This past Saturday, in an attempt to have as close to one of those experiences with Dad as now possible, I got in the kitchen. I put on his old Kaldi's t-shirt (a shirt that Jonathan and I lovingly got him in honor of his love for our local coffee shop's cappuccinos), I turned on Miles Davis (his love for music, specifically jazz, is one of the most tangible reminders of him -- close to 500 CDs' worth!) and I started my attempt to replicate Dad's Focaccia Pugliese recipe.
The thing is, Dad didn't really have a recipe that he used. He used his eyes, his hands, his sixth sense of what ingredients needed to be thrown together and, ta-da, the rest of us magically got to eat delicious homemade focaccia. The same applies for his panzerotti and fresh pasta. But, one thing at a time - the first step: perfecting the focaccia.
I researched and compared recipe after recipe. I talked to Mom and together we pieced together the basic ingredients we knew were involved. Many recipes call for using boiled potatoes, but I didn't remember that ever being a part of Dad's focaccia (Mom confirmed that). Apparently home bakers in Puglia (the southern region of Italy both of my parents are from) use potatoes in their focaccia to make it more moist, but the slices you buy from the panificio (bakery) would not include potatoes...so I guess Dad was going after that fresh-from-the-bakery taste ;-)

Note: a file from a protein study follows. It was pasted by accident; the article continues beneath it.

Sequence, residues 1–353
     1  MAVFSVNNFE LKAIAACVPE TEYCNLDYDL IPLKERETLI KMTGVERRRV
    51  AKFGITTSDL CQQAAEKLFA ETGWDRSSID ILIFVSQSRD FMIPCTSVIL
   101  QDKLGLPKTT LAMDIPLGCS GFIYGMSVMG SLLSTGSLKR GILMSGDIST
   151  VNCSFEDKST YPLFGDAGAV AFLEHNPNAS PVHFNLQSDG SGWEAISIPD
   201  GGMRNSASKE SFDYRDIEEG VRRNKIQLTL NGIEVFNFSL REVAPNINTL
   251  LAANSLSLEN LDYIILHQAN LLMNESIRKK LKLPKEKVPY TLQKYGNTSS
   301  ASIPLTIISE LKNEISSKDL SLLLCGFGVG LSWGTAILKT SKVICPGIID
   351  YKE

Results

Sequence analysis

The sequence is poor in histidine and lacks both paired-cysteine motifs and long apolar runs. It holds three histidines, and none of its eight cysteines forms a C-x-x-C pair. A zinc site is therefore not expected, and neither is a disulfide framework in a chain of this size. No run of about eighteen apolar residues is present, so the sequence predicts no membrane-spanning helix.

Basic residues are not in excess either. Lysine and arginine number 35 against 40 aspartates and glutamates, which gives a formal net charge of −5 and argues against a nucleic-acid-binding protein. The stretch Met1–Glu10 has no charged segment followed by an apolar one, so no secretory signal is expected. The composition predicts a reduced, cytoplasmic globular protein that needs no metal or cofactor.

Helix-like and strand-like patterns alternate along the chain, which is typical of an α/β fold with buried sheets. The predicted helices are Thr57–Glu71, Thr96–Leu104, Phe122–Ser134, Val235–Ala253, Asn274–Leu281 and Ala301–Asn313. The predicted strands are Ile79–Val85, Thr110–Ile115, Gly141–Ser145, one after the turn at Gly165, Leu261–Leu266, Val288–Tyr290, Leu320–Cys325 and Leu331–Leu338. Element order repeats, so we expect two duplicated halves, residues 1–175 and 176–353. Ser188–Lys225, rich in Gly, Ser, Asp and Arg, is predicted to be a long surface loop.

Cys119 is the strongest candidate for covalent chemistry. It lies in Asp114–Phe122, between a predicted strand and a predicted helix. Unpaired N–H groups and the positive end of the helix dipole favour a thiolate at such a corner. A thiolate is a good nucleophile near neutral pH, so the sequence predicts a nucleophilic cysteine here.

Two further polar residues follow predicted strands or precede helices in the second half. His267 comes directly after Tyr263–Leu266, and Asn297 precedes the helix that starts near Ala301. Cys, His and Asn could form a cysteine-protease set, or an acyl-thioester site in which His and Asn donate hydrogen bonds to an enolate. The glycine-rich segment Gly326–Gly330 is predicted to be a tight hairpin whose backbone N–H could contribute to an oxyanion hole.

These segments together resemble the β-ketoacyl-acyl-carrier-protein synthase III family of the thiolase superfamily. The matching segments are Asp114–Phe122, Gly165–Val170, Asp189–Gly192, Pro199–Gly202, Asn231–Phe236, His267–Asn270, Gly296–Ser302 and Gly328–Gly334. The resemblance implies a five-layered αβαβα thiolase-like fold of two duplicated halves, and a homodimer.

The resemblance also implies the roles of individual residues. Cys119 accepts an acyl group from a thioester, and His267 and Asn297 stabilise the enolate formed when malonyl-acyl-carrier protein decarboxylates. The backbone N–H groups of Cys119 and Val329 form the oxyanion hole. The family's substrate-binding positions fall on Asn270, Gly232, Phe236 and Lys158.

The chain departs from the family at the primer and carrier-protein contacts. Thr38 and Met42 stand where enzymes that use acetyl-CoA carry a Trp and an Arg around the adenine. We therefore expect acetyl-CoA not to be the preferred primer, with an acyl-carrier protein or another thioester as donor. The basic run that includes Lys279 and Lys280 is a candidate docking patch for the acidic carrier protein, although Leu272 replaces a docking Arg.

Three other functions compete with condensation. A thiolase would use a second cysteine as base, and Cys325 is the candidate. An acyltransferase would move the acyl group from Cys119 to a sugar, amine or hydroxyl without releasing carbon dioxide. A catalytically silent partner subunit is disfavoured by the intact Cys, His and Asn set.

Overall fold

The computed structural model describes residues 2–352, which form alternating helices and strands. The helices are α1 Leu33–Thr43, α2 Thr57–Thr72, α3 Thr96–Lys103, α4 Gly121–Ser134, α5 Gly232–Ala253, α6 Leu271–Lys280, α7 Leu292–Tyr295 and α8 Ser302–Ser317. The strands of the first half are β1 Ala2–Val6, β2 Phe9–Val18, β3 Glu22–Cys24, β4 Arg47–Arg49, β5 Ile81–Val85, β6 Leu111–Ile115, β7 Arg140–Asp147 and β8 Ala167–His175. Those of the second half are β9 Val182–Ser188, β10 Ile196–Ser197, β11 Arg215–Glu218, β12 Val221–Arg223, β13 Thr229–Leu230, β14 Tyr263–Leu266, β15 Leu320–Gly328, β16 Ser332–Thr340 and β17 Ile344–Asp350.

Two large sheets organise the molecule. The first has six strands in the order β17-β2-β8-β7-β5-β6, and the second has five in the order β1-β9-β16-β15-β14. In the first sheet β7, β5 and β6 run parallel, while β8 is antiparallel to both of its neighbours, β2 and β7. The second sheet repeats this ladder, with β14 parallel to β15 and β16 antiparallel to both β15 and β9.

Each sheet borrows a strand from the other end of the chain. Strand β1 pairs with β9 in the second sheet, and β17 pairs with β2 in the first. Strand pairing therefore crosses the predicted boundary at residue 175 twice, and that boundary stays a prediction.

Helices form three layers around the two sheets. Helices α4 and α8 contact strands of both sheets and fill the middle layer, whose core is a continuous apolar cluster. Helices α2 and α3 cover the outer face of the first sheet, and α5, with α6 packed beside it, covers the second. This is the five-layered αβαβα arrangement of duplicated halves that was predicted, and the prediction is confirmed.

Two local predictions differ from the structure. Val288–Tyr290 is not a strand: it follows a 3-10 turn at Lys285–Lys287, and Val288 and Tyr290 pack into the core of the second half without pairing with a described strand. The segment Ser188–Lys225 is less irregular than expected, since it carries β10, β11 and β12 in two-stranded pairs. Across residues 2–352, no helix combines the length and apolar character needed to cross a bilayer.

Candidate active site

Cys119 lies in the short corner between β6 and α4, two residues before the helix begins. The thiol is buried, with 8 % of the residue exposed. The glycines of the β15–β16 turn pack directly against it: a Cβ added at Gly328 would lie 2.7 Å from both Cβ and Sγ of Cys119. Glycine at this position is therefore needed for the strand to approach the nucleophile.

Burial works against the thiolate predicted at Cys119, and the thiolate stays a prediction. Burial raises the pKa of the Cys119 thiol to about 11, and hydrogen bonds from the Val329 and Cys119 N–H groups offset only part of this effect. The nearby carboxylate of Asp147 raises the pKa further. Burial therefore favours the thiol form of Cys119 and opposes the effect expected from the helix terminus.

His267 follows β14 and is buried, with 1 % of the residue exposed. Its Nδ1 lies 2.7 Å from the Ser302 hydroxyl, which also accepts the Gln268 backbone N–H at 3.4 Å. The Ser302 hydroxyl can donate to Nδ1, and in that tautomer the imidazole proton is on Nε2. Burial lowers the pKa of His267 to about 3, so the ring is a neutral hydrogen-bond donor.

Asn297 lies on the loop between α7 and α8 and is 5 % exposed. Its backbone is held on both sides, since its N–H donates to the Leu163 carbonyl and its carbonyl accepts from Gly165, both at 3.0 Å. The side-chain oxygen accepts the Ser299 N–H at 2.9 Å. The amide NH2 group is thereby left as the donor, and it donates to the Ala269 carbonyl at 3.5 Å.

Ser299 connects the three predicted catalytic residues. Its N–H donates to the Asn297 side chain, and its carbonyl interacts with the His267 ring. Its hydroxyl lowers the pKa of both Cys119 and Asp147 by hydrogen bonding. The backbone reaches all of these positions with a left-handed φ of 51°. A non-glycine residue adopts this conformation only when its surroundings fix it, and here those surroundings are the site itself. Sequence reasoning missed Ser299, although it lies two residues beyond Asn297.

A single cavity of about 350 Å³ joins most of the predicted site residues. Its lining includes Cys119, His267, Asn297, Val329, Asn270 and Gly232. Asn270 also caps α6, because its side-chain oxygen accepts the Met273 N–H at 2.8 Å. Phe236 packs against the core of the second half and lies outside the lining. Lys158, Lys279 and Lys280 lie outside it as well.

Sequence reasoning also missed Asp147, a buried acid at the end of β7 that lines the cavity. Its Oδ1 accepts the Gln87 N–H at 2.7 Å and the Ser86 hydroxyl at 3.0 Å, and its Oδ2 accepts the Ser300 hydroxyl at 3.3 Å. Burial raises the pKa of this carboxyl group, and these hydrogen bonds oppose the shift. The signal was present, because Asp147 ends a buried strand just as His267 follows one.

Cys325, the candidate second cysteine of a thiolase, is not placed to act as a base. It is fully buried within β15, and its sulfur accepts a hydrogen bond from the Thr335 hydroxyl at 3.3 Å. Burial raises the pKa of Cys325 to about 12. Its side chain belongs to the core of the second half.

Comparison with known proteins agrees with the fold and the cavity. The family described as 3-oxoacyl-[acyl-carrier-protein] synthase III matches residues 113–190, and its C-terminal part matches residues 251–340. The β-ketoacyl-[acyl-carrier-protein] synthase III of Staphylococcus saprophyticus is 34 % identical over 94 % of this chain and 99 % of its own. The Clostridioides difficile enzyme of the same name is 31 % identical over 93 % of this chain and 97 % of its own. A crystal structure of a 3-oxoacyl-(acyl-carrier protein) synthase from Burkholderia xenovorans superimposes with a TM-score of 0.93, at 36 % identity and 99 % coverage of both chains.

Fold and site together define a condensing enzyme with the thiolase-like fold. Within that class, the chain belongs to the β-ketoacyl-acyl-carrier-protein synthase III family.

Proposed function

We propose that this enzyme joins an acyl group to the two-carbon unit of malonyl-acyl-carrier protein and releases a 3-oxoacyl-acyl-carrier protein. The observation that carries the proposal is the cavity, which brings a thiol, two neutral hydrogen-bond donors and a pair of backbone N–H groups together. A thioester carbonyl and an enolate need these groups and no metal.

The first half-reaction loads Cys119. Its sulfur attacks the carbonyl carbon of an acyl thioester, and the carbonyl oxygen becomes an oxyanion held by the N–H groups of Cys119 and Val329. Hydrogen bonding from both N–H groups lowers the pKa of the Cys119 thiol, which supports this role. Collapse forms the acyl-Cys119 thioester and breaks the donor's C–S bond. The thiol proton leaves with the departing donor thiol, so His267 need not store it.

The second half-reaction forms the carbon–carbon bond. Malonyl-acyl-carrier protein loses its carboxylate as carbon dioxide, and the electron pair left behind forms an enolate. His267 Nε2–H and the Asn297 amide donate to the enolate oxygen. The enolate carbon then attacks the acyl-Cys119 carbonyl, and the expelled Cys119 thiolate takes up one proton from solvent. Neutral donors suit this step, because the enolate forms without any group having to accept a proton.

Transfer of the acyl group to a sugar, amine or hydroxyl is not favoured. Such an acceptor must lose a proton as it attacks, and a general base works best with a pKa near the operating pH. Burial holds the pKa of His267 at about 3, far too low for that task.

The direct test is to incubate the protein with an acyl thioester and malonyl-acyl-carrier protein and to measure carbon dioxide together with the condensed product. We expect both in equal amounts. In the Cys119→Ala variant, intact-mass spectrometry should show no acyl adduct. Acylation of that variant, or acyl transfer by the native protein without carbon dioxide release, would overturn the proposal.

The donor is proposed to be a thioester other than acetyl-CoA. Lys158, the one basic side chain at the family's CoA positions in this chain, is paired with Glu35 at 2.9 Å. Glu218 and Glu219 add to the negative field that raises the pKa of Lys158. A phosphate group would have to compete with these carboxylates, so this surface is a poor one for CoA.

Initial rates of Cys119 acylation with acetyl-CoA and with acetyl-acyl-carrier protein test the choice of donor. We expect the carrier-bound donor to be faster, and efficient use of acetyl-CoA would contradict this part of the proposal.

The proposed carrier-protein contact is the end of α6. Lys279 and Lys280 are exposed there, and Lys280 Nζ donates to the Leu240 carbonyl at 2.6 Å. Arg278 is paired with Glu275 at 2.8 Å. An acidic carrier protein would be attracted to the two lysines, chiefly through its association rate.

We came up with our list of ingredients: bread flour, water, yeast, olive oil, salt, sugar (for dissolving the yeast), diced canned tomatoes, green olives and dried oregano. I combined recipes from here and here, subbing in diced tomatoes for fresh tomatoes and added green olives. We couldn't remember how long he let the dough rise or how hot he turned on the oven. What I do remember is him laying a blanket over the bowl where the dough rested and rose, so I proudly did the same.
So the recipe I followed was 2 3/4 cup bread flour, 2 Tbs. olive oil, 1 tsp. honey, 1 Tbs. yeast, 1 1/2 tsp. salt, 1 cup warm water. I let the dough rise for 90-120 minutes. I oiled a 9x13 baking pan and spread the dough out, pressed down to create little indents to place the diced tomatoes and green olives. I then sprinkled salt and dried oregano over top and brushed olive oil all over. I first baked it at 400 for 20 minutes, then at 425 for 25 minutes.
Next time around, I'll follow my instinct (and the yeast bag's instruction) and dissolve the yeast in warm water with sugar (not honey) separately before combining all ingredients - even though the recipes said to throw it all together. The focaccia seemed denser than my memory serves and needed a little more air in the middle. I'll also bake the focaccia at a higher temperature to begin with and maybe let the dough rise for longer than 90 minutes. And I'll add more olive oil on top, because, well, who doesn't love more olive oil! But really, it needed a little bit of a darker color, a crisper top. But as a first attempt, I was really pleased. The smell and taste were just as I remember, and we all know smell is a huge trigger for memories.
I'm already looking forward to my next Saturday in the kitchen, tinkering with this in-the-works recipe, acquainting myself with Dad's favorite jazz tunes, and having our new-found tradition of a Saturday baking date.